James and Co. Wines

Town-based cellar doors are becoming a thing. In the Yarra Valley there’s Mac Forbes’ little Graceburn Wine Room; Payten and Jones have opened across from Four Pillars. In Rutherlen James and Co. are making Beechworth wines and selling them out of their brand-new and rather stylish shop.

People who love recycled timber made into gorgeous things will love the fit-out. But really, you’re coming here for the wines, so let’s talk sangiovese. Ricky loves sangi. Around Beechworth, people are growing some stunning examples of it. Ricky combines his love of sangiovese with the stunning examples grown around Beechworth to make some excellent wines. His sparkling rosé is dry (minimal residual sugar) and beautiful. I’m sure more-established wineries looked upon a sparkling sangiovese rosé with more than a little curiosity, but far out it’s good. In fact, all the wines are flavour focused, elegant, and finely detailed. You’ll walk away with a collection of beautiful wines that really demonstrates Ricky and Georgie’s passion for what they are doing.

You’ll love the Cheese Your Own Adventure fridge, too. Build your own platter of produce from the fridge at the back of the room, take a board, and make a beeline for one of those beautiful recycled wooden tables.

It would be remiss of us to fail to mention Georgie’s photography, which adorns one side of the space. She’s got talent, and it’s on display as you sit and take in both wines and imagery.

Pickled Sisters

Rutherglen is part of a little cluster of towns right near the NSW border.  Within ten minutes’ reach you have Rutherglen, Wahgunyah and, just over the border, Corowa. So many producers of quality food are in the surrounding area that really, it shouldn’t have been a surprise to find Pickled Sisters doing such fine fare, nor that they’ve been doing it for so long.

It’s fair to call the restaurant a shed – that’s what it is. There’s nothing wrong with that in OHO’s reckoning. Sheds are where some of the best stuff gets made. In this particular shed, chef Stuart is quietly turning out some stunning-looking and beautiful-tasting food. The approach is simple – take good produce, respect it, and serve it with local wines.

Although Pickled Sisters shares the shed with Cofield Wines, the wine list is not limited to that one label. It’s a real showcase of the region’s best. In fact, it wouldn’t be unusual to spot a local winemaker like Mandy Jones dropping off another case.

If you have a tendency to get pickled yourself, you could plan ahead and book one or two of the ‘glamping’ tents situated at the very edge of the vineyard. These are tents in the literal sense, if not the traditional. Yes, there’s canvas and a fire. But when was the last time your tent was fully carpeted, had a queen-size bed, air conditioning and a fully stocked wine fridge?

It’s worth keeping in touch with the Sisters event schedule. The cooking classes would make for a fab fun weekend in a shed.

Sally’s Paddock at Redbank Winery

For those who remember what they were drinking in the Melbourne restaurant scene a decade or so ago, Sally’s Paddock was a prominent feature at the premium end of the wine lists in some of the top eateries in town. Now, with the emergence of the next generation in the family, Sasha Fair is making sure that the wines from the Redbank winery are true to the reputation earned by her family – a reputation which includes the classification ‘Distinguished Winery’ from Langton’s.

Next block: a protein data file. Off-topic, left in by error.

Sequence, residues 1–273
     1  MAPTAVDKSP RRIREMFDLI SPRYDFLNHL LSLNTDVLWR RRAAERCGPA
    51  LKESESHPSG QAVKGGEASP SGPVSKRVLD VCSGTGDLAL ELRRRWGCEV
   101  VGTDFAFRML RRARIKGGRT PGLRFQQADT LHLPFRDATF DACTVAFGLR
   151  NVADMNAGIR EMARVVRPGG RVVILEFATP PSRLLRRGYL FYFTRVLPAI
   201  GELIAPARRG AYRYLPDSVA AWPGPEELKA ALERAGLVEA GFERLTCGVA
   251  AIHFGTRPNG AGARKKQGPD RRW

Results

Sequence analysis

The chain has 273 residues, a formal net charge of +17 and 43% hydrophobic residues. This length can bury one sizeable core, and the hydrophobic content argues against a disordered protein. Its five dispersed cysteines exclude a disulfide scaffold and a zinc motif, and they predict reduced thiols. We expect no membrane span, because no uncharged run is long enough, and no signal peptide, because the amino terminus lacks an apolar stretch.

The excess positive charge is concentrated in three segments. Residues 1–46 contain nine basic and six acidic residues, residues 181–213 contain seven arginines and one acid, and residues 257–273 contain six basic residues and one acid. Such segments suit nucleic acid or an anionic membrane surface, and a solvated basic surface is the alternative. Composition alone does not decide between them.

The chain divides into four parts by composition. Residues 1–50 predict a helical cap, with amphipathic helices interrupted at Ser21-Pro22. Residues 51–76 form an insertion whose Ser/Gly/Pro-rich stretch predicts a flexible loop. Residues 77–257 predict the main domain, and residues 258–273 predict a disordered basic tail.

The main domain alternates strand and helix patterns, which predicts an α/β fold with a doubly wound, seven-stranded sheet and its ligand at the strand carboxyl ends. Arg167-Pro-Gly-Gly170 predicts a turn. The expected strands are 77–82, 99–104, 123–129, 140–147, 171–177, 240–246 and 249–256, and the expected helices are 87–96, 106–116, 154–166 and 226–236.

The building that was put up to serve as the winery in the 70s now does duty as cellar door. Its remarkable timber shingle roof is a feature that takes your eye as soon as you come in. The cellar door is a great place to sit at a long table with a bunch of friends and kill a few hours with local produce platters and the truly amazing wines that Sasha is making.

In case you’re wondering about that gorgeous little mudbrick house as you come up the long drive to the winery, the answer is yes – it is available for rent for up to three couples at a time.

Sally’s Paddock is a stalwart of the Pyrenees wine industry, and plays host to local events (such as the Ballarat Winter Festival) when they pop up on the regional event calendar. It’s a spectacular spot, and events on the property are relaxed and fun.

Talbot Provedore and Eatery

Christopher and Jayne are both ex-photographers, although one is never really an ex-photographer. One merely becomes preoccupied with other things. The ‘other thing’ that fills their time is a slice of a stunning country town in the form of Talbot Provedore and Eatery.

Christopher was once the chef at the Avoca Hotel and part of a team that won numerous industry accolades. His commitment to excellent food from sustainable, local produce continues at his own venture here in Talbot.

The town plays host to one of the biggest farmers markets in country Victoria every 3rd Sunday of the month, when thousands of people descend on the streets looking for produce straight from the people who grow it. The Provedore and Eatery is designed to be a showcase of the best of the farmers market and other producers from the region. It’s situated right next to a community garden, where the chefs regularly gather whatever is growing and include it in the menu. Fresh produce from the farmers around the district comes in daily, and the menu reflects this.  The wine and beer list contains mostly local heroes, all worthy of the best lists, and all doing something interesting.

Christopher and Jayne are not loud or brash entrepreneur types. They are enterprising, no doubt. But they exude a quiet and passionate commitment to their craft. Saturday nights are a real stretching of the legs for the chefs. It’s a simple degustation of three carefully crafted and exquisitely prepared dishes for pretty short money. Talbot is lucky to have the Provedore and Eatery. Get out there for a weekend, do the Saturday night and the market next day. Good times.

Oakdene